Handling the pc demands intelligence from children

handling the pc demands intelligence from children

There's no stopping the trend: children are coming into contact with computers earlier and more intensively& co. This worries parents.

However, too little is seen of how well computers can challenge children, says wolfgang lenhard of the chair of educational psychology at the university of wurzburg.
A PC game developed by him and published under the title "denkspiele mit elfe und mathis" (thinking games with elf and mathis) the market has been proven to make children smarter.
Living out your desire to play and gaining IQ points as a bonus without any effort – can it work?? Yes, it can, showed lenhard, who had recorded the "thinking games with elf and mathis" for two years, together with his wife, the learning psychologist alexandra lenhard, and the emeritus educationalist karl josef klauer from coln, he developed. "We embed different tasks in a treasure hunt", explains the psychologist. When the children search for the treasure, they have to solve riddles that train their powers of observation and logical thinking," he said. Lenhard found out that they gain intelligence points by doing research with french schoolchildren.

Teachers should not only teach children to be critical of chat, newsgroups and the cell phone, the 38-year-old psychologist appeals. They should also be trained to specifically use new media to challenge the schools.
From the rebellious theses of one manfred spitzer, who in numerous lectures has warned against "digital dementia" the researcher from the university of wurzburg emphatically distances himself from the warnings. Because according to his research, children benefit from virtual learning materials without being harmed in the process. Lenhard contrasts spitzers often vague claims with reliable data from his evaluations. According to this, the effects of the brain game he helped to develop are particularly noticeable in forderschulern and in elementary school children with deficits. The important thing in learning is that the 120 tasks are drawn together: "three to four children sit in front of the computer. For each task, they think together about the correct solution."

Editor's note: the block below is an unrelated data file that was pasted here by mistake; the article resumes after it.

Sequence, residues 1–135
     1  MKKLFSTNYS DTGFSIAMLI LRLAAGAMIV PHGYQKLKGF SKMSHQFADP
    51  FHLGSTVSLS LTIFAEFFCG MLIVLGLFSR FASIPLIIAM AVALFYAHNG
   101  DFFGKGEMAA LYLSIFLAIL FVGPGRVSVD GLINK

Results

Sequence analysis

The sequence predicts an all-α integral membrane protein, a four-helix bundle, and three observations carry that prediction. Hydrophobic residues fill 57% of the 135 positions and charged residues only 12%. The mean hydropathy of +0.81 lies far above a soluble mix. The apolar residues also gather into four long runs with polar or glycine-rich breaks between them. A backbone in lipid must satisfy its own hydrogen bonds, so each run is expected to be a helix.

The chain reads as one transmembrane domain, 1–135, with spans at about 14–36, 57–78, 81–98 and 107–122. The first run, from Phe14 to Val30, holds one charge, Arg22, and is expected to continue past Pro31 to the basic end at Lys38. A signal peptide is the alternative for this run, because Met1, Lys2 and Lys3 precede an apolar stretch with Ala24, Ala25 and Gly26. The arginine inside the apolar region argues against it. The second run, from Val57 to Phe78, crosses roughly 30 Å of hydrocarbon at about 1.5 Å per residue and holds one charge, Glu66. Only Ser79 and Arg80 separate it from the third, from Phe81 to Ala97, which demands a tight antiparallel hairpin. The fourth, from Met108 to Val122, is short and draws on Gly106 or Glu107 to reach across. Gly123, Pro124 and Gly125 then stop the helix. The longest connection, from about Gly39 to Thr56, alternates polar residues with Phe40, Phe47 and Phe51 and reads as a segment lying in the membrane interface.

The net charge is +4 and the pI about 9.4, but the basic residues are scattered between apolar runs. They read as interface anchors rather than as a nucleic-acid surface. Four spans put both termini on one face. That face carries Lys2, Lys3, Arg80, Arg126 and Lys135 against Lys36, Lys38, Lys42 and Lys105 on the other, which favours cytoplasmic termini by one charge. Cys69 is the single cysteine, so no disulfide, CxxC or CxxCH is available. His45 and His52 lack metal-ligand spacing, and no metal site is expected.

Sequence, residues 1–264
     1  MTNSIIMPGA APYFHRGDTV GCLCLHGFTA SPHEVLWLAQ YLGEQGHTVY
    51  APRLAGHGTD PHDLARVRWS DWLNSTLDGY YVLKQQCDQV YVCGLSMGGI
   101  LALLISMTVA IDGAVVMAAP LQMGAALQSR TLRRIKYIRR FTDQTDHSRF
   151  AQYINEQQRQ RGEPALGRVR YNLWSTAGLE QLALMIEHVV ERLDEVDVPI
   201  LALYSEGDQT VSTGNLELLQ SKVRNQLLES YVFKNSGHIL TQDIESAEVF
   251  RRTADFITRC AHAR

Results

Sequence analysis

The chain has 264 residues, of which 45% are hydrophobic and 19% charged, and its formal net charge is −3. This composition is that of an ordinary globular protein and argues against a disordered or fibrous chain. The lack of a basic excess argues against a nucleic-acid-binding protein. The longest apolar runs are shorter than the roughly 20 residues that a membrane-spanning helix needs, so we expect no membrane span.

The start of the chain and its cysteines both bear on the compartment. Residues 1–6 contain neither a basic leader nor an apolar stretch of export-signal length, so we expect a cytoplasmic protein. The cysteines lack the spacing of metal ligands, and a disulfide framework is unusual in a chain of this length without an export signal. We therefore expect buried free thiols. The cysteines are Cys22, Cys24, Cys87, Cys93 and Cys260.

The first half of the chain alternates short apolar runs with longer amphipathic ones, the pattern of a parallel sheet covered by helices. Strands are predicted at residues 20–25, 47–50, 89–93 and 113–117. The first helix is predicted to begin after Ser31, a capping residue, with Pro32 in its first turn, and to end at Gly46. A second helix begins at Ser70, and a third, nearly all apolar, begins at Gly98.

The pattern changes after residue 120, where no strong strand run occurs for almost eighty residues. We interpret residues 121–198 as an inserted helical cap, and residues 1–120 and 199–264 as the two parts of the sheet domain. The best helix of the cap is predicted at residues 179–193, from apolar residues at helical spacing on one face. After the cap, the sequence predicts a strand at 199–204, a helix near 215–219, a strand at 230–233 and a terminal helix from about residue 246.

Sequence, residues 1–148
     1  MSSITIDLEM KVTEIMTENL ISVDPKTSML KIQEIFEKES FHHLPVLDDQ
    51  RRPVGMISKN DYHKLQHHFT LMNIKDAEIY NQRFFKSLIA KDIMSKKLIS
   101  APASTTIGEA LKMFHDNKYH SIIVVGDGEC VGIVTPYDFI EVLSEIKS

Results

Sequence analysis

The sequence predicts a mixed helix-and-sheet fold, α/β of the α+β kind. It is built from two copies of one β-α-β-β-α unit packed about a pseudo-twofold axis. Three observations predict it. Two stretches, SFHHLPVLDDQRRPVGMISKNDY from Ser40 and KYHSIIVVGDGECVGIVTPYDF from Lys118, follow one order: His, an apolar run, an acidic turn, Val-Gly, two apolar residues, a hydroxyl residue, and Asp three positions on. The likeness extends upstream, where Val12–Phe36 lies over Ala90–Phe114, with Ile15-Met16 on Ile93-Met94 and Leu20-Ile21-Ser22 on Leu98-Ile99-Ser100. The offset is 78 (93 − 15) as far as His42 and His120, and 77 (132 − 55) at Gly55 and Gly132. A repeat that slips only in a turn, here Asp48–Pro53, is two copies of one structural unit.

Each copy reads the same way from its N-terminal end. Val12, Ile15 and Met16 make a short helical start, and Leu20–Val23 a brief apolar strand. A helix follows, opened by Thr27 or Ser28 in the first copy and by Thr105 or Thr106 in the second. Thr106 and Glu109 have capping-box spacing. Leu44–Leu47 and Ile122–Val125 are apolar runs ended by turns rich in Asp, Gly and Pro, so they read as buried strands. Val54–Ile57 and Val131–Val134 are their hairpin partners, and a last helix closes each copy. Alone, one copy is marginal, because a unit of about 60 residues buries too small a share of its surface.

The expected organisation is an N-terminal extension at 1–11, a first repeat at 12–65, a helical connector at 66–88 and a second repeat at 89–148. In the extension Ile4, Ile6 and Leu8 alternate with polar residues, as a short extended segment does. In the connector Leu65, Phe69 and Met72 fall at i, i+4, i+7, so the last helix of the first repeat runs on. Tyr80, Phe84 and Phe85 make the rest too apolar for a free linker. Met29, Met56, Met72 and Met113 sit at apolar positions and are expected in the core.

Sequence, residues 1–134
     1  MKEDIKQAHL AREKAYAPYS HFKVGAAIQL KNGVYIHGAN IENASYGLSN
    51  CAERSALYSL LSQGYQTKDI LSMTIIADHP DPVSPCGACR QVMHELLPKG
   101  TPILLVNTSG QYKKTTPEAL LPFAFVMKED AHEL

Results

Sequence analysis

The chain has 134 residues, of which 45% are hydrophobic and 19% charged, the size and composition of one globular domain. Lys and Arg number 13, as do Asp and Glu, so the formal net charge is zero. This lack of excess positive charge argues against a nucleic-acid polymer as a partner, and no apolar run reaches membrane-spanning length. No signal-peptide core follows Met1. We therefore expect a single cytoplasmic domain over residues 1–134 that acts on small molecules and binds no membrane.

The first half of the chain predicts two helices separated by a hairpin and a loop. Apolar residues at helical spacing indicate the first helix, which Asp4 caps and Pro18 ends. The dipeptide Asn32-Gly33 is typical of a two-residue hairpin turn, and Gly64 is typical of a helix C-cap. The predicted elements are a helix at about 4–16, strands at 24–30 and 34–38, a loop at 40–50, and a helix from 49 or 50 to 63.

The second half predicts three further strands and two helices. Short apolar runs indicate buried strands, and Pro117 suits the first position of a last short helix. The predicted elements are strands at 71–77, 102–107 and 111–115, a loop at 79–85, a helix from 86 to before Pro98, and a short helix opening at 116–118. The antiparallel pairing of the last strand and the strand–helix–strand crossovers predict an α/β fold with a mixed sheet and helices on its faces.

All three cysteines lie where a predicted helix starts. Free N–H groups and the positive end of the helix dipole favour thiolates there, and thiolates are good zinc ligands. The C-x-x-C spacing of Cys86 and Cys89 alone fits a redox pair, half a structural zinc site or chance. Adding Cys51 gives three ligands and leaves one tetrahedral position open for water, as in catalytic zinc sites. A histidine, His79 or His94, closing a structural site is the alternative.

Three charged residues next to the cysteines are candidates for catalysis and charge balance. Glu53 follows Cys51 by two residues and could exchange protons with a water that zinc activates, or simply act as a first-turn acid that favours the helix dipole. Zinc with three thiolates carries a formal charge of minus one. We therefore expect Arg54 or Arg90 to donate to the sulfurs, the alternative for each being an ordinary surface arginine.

Better than on paper
It makes sense that sophisticated brain games can make children smarter. But is it really better to play them on the computer?? Are the paper trainings in thinking published by karl josef klauer between 1989 and 1993 not enough?? They are also good, as numerous studies have shown. "But our research shows that thinking training on the computer is even better", according to lenhard. This is probably due to the fact that the children find the journey through elfin country exciting. Your motivation to solve the riddles and the "blue diamond of wisdom close to come, remain high for weeks.

The tasks prove to be increasingly tricky during the long journey through elfin land. One of the first tasks is to recognize that the color "yellow" is the same as "red the common feature of different objects is that the degree of difficulty increases significantly in a task with five glaziers. They are lined up as follows: the first three jars are filled, the last two are blank. Two glasses are wrong. Which could be? If the answer is wrong, old osarion, voiced by karl josef klauer, speaks up. With the right solution, elfe praises.

The fact that the computer game costs 99 euros has nothing to do with money-making, says lenhard. The investment costs for the game, which was developed by only three people, were high. And hogreve, where it is distributed, is a small publishing house. "The game is also less intended for families", according to lenhard. Daycare centers, schools and therapists are the target groups. Interest in the computer version of the preserved klauerschen thinking games is great, 500 copies have been sold in the meantime. What motivates lenhard to develop further computer-based training at the university of wurzburg – even though skepticism is rude in some quarters.

In an international comparison, germany falls behind in the use of computers in schools far off, regrets the psychologist.
Lenhard: "no other OECD country is as reluctant as germany."

Teaching the right way to ride
Of course, the fear that children could be harmed by media violence or excessive media consumption was justified: "but roads are also dangerous because of the cars. Still, you can't forbid children to go on the road." They could only be taught the right behavior in traffic. In the same way that new media had to be used to teach children how to use computers, playstations and cell phones sensibly, the game is also less of a family game.

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